Quite possibly one of the most redeeming aspects of working here at Horrorview.com is the opportunity to interact with the personalities responsible for creating the art I’m most passionate about, the horror film. I have grown to appreciate the time allotted to me by directors, actors and producers, but more so than speaking to a “name” in the biz, the conversations that develop from these interviews. Recently, I was fortunate enough to spend an hour and a half on the phone with one of the genre’s newcomers, Adam Green, the Director/Writer of the eagerly anticipated slasher film “Hatchet” and Writer for the upcoming Lion’s Gate film “Cabin Fever 2”.
AG: Hey, Eric. I’d like to say I’m sorry about the Yankees, but being a Red Sox fan, I’m not.
HV: Okay, let me just clear the air now – I hate the Yankees and I was pulling for Boston the whole time.
But, if you want to play that game I could tell you I’m a Mets fan and remind you of 1986.
Oh, no! (laughs)
That was gonna be one of my questions too, if you had any love for the Yankees.
I grew up in the Boston area, no love for the Yankees.
Okay, so let’s get this interview thing going – why don’t you describe to the readers what Hatchet is about.
Ah. Hatchet is a modernized 70’s/80’s type slasher film, kinda like the ones that had the unbeatable monster in it. It’s not the first time it’s been done, but I didn’t go in the direction of the “WB teen who done it” type movie.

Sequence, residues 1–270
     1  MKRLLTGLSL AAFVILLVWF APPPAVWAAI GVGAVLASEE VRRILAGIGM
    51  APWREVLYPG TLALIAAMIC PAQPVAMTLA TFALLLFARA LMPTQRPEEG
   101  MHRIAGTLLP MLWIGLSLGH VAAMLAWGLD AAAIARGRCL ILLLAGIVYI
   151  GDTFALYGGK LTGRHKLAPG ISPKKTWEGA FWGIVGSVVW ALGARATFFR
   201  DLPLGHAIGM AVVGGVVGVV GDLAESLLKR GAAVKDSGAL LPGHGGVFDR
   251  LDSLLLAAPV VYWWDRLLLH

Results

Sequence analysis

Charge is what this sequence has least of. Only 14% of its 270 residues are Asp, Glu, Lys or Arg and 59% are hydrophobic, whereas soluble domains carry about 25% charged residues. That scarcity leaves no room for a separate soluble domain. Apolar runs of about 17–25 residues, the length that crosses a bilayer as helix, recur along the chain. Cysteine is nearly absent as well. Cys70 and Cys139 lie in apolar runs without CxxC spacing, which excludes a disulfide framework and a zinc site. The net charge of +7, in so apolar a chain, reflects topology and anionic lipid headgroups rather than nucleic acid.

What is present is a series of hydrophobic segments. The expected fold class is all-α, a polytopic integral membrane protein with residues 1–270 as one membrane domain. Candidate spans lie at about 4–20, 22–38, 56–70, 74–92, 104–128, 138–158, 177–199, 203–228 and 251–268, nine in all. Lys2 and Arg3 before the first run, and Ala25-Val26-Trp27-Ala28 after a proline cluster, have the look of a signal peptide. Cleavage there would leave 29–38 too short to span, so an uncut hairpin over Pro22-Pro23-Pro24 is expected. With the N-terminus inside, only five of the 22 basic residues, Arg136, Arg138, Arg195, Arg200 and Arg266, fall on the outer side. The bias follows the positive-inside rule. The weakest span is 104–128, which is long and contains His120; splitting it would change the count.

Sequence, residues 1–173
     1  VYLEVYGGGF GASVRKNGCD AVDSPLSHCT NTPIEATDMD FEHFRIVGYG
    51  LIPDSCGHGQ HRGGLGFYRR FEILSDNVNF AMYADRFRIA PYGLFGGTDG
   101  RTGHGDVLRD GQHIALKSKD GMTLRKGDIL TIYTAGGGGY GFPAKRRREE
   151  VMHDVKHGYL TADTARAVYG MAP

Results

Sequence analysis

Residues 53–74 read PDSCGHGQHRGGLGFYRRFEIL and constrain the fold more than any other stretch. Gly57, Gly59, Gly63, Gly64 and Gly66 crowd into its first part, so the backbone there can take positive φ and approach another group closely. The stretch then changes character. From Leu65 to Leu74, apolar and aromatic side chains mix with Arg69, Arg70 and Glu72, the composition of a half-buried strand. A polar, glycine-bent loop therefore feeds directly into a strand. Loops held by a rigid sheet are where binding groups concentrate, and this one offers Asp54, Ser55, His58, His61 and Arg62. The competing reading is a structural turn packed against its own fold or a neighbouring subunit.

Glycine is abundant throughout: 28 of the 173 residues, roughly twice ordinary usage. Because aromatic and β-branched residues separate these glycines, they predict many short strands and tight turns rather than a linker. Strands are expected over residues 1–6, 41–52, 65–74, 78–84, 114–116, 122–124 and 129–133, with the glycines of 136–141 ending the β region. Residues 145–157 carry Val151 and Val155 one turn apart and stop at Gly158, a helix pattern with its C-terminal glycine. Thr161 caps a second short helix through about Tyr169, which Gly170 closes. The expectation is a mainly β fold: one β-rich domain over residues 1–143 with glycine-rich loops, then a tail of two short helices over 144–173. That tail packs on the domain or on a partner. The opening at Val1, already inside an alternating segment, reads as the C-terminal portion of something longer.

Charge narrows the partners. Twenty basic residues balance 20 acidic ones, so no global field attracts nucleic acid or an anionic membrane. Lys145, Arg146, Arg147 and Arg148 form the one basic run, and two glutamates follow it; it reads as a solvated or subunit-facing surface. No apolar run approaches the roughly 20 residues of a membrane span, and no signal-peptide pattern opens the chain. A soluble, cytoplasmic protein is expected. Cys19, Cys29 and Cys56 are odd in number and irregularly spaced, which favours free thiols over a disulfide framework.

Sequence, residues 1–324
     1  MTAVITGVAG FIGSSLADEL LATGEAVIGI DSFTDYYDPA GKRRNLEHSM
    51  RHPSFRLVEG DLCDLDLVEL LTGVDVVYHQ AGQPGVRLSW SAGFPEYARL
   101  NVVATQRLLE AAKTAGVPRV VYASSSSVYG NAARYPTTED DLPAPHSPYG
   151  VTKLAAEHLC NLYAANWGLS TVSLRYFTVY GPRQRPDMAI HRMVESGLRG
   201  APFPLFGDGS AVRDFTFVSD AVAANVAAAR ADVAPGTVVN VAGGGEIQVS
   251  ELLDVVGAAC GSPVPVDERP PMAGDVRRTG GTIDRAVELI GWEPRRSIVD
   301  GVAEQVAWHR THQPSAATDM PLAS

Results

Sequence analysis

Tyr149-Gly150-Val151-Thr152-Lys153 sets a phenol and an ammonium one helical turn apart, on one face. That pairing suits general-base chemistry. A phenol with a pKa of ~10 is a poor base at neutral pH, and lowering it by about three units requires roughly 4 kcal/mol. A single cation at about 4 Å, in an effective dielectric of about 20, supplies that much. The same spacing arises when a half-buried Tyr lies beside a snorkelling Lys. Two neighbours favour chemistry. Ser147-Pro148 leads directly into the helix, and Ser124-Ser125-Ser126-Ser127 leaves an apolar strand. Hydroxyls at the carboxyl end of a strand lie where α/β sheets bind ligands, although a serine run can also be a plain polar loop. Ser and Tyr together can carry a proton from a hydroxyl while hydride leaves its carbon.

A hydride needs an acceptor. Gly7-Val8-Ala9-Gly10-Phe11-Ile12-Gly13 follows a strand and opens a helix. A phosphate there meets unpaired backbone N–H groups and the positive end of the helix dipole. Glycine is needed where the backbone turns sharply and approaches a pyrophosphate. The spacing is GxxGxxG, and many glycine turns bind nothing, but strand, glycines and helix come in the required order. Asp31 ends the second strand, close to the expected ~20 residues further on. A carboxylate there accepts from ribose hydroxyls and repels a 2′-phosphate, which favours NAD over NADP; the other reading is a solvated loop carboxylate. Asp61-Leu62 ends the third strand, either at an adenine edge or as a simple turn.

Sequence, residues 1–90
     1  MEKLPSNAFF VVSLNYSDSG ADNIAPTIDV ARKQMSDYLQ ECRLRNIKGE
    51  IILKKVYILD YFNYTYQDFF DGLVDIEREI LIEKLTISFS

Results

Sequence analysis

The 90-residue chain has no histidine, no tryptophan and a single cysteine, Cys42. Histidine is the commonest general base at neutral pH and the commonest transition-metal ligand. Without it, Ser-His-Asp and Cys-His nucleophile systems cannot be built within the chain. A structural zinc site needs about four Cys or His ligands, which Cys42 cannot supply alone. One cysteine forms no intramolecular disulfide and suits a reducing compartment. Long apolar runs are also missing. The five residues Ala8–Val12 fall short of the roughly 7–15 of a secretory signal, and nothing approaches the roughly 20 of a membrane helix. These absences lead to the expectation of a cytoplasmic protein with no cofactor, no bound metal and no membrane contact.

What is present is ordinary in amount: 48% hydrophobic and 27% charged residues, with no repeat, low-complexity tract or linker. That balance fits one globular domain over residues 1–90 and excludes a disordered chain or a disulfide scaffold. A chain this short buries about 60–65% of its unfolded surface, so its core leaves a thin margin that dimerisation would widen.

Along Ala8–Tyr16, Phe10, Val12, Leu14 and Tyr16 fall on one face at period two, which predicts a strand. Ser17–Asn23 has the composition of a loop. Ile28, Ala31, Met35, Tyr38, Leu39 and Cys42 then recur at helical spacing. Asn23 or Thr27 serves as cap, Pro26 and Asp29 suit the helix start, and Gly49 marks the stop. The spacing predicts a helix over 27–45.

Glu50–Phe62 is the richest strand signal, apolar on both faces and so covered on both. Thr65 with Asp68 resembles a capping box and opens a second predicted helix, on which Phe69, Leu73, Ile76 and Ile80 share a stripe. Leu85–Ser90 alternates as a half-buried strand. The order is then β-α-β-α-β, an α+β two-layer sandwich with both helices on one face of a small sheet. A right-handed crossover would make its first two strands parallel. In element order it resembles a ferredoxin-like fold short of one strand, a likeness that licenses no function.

It’s about this boy, Victor Crowley that grew up deformed in the bayou of Louisiana and was taunted by kids. Well one day, these kids went to his house and started taunting him with fireworks and set his house on fire. Victor’s dad comes home and tries to save him, but when he goes to break down the door he chops into Victor, killing him. After Victor’s dad dies it becomes an urban legend that you can hear Victor crying for his father in the swamp at night. A group of people go on this haunted swamp tour in Louisiana, and well, bad things happen. It’s funny because the whole idea for Hatchet I thought up when I was 8 years old and at camp. The counselors would always try to scare the kids by saying “Don’t go there or Hatchet-face will get you!” and I’d always ask “Well, what’s he gonna do?” And they’d say “He’s gonna get you!” And I’d say “But what’s he gonna do?” So one night I made up this elaborate story about Hatchet-face and made all the kids cry. They wanted to kick me out of camp. But ever since then I’ve been like “I have to see this character!”
So far, Kane Hodder is the only credited cast member as Victor Crowley. How does his role as Victor compare to that of Jason Voorhees?
Yeah, Kane is the only credited cast member (as Victor), but from what I’ve heard we actually have the cast nearly filled out. I can’t tell you who’s gonna be in it yet, but I will say that we got some people for this film that even I couldn’t believe. I mean, we’re working with a relatively small budget ($1.5 million) and I was surprised to see some of the names that have been cast. I’m gonna try and work in some unknowns with the cast in the spirit of slasher films.
Ah, so you do have a budget now? When I spoke to Kane at the Chiller Theatre he said “I don’t want to do any interviews yet because we don’t even have funding for the project.”
(Laughs) Well, I haven’t told Kane that we have the funding yet. I guess I should.